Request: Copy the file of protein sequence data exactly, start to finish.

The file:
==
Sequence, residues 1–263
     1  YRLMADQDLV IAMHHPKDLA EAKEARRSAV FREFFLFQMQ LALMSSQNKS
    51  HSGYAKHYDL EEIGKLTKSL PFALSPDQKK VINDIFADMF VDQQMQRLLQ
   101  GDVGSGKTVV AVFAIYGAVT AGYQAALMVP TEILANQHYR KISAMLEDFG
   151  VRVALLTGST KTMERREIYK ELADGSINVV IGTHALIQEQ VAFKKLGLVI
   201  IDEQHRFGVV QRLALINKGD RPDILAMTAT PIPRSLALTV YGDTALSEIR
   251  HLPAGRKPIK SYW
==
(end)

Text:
Sequence, residues 1–263
     1  YRLMADQDLV IAMHHPKDLA EAKEARRSAV FREFFLFQMQ LALMSSQNKS
    51  HSGYAKHYDL EEIGKLTKSL PFALSPDQKK VINDIFADMF VDQQMQRLLQ
   101  GDVGSGKTVV AVFAIYGAVT AGYQAALMVP TEILANQHYR KISAMLEDFG
   151  VRVALLTGST KTMERREIYK ELADGSINVV IGTHALIQEQ VAFKKLGLVI
   201  IDEQHRFGVV QRLALINKGD RPDILAMTAT PIPRSLALTV YGDTALSEIR
   251  HLPAGRKPIK SYW